Biomedical ontologies and controlled vocabularies provide structured domain knowledge to support data standardization and interoperability in a variety of HISs such as EHR, healthcare administration, and clinical decision support. Some notable examples include the International Classification of Diseases (ICD), which is a widely used controlled vocabulary for encoding billing diagnoses and procedures in HISs [2]. SNOMED CT is used for encoding problem lists in EHRs [3]. RxNorm is a medical terminology that normalizes names of all clinical drugs available on the United States market and links to many of the drug vocabularies commonly used in pharmacy management [4]. Moreover, with rich concepts linked by semantic relationships, they have also been widely used in natural language processing, data mining, machine learning, semantic annotation, and automated reasoning. The Unified Medical Language System (UMLS), developed and maintained by the United States National Library of Medicine, is a compendium of over 190 controlled vocabularies and biomedical ontologies, including ICD, SNOMED CT, and RxNorm. In the renaissance of artificial intelligence (AI), knowledge-intensive and/or data-driven medical applications and research will directly benefit from the formalisms and rich knowledge encoded in the biomedical ontologies. However, they have not yet been fully capitalized in the healthcare engineering and data analytics.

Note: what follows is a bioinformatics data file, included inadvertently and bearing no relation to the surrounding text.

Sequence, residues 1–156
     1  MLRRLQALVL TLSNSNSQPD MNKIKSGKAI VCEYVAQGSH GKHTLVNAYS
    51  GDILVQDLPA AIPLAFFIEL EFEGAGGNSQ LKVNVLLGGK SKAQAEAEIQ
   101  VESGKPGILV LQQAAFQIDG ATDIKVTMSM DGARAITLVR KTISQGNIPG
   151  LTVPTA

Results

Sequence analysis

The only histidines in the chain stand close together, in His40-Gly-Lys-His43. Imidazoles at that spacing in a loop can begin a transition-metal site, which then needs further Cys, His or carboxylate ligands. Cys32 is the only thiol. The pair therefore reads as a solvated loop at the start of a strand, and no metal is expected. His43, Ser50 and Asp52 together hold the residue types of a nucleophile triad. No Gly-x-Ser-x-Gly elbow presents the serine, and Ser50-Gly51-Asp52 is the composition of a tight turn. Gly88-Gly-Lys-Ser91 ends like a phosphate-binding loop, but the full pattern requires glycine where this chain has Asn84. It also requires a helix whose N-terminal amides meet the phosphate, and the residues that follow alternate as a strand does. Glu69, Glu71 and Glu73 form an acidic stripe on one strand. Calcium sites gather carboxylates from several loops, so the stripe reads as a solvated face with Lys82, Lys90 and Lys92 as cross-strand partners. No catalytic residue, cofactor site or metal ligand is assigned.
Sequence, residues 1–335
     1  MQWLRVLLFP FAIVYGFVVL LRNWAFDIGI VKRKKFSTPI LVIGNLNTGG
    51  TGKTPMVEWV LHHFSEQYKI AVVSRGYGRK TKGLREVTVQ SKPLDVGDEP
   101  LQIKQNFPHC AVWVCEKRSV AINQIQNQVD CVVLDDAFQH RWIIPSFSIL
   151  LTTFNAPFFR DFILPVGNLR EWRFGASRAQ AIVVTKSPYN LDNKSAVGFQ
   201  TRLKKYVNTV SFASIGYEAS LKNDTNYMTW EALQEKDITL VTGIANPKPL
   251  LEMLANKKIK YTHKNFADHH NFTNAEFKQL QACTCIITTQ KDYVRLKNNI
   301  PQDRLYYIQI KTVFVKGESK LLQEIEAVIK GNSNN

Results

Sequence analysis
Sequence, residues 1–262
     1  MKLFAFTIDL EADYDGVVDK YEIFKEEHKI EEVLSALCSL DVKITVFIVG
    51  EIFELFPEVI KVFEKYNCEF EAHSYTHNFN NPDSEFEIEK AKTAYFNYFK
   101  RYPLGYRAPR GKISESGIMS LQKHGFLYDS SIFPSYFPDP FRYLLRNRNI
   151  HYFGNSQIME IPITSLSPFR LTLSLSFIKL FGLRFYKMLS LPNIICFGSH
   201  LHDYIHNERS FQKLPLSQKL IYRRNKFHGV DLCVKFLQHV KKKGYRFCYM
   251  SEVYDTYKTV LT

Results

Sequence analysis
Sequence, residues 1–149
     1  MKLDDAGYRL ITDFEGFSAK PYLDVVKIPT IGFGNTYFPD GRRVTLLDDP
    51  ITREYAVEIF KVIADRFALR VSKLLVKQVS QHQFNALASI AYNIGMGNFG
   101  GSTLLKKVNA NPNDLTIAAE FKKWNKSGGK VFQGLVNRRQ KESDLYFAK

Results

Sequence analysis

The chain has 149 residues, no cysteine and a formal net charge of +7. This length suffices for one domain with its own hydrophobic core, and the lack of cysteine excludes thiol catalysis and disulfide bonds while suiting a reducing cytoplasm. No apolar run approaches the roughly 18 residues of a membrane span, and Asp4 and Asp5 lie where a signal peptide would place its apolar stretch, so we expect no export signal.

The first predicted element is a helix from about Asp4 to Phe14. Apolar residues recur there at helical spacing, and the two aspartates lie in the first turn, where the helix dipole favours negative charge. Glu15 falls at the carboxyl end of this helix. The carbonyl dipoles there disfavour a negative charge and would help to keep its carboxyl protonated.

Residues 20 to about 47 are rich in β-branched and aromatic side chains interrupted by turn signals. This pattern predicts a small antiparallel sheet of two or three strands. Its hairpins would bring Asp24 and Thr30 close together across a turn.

The main goal of this special issue is to bring together the researchers in the field of knowledge representation, data management, and health data analytics to introduce innovative semantics-based methods to address important problems in healthcare engineering, illustrate the use of biomedical ontologies and semantic web technologies to discover hidden knowledge in biomedical and health data, and showcase state-of-the-art research and development. The selected papers underwent a rigorous review and revision process. We are glad to see that the selected papers presented novel usage of semantics-based techniques and ontologies in pressing health-related problems such as healthcare data integration, pattern mining from EHRs, medical entity recognition in clinical text, and clinical data sharing. Meanwhile, we have also seen foundational research papers that are focused on developing and curating biomedical ontologies. The multidisciplinary nature of this special issue is reflected by the fact that the problems in semantics-based healthcare engineering and data analytics are being tackled by researchers in different communities, including computer science, medicine, biomedical engineering, biomedical informatics, statistics, and so forth.